To Live and Die in L.A.

To Live and Die in L.A. ★★★★½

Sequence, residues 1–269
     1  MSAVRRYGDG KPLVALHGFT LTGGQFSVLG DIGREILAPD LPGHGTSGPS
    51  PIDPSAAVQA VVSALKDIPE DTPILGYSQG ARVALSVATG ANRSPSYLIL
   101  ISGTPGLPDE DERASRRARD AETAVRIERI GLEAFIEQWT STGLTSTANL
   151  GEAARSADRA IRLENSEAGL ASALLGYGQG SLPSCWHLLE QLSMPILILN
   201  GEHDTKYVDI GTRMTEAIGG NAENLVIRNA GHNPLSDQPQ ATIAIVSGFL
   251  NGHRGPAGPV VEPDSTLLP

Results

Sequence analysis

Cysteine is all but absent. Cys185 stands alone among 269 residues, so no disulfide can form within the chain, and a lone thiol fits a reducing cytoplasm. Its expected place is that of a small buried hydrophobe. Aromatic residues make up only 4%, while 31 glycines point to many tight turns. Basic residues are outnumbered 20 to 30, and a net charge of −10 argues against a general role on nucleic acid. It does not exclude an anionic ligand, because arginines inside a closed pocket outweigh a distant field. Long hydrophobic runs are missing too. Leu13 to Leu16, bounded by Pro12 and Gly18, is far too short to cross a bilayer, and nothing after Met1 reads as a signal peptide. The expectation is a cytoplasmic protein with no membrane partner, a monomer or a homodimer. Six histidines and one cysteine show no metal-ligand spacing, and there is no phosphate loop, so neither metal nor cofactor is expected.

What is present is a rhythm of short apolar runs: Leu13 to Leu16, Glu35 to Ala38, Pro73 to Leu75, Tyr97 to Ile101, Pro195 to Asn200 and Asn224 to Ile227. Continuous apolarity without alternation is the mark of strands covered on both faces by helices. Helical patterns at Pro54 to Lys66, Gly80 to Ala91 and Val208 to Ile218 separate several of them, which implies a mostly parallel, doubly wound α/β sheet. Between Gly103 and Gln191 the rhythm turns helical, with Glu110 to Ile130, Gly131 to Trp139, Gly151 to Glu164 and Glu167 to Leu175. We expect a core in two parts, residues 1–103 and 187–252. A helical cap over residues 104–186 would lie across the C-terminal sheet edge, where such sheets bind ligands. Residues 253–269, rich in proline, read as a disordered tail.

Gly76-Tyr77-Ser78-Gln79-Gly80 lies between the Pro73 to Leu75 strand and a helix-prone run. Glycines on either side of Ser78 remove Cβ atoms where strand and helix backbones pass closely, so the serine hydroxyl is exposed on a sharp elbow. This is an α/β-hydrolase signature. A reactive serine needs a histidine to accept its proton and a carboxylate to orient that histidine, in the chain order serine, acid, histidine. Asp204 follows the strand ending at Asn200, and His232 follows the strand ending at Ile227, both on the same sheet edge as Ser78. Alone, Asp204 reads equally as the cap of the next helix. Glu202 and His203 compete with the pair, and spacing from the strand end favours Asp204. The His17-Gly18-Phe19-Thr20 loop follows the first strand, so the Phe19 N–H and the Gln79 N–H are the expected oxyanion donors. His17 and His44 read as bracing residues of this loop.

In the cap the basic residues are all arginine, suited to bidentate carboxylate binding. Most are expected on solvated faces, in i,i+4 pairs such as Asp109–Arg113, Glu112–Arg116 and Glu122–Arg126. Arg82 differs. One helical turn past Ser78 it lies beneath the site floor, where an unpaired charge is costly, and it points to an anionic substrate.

William Friedkin’s thematic extension/reversal of The French Connection with gritty 70s semi documentary given to 80s synthetic artifice (all warm colors, decadent behavior, modernist architecture). This would be a gem for Robby Mueller great cinematography alone. It is pure pulp, a dance of seduction and death between cinema’s toughest mannequin (William Petersen) and an ambiguous capitalist zombie (Willem Dafoe). A tale of bad crooks and even worse cops that plays against the usual hyper competence of the genre with a comic series of blunders and failure (I don’t think Petersen does a single thing that actually helps him catch Defoe the whole movie). It starts around Christmas but the only thing shared here is brutality and obsession. It is one of the most straightforward among Friedkin’s crime films, yet it is predicted in the idea of one cop passing a set of self-destructive values to another time and time again. Forgery isn’t just the profession of the main antagonist, but the film large aesthetic strategy, everything is a fake of one manner or another. Violence here is always high sexualized even something as explicit as a shot to the head has the power of sexual release, just a series of hyper-masculine power games in the name of law and profit. Friedkin’s misanthropy has also rarely been this extreme, the only amount of sympathy goes to the women, for the men it is just a fast-paced rush to hell.

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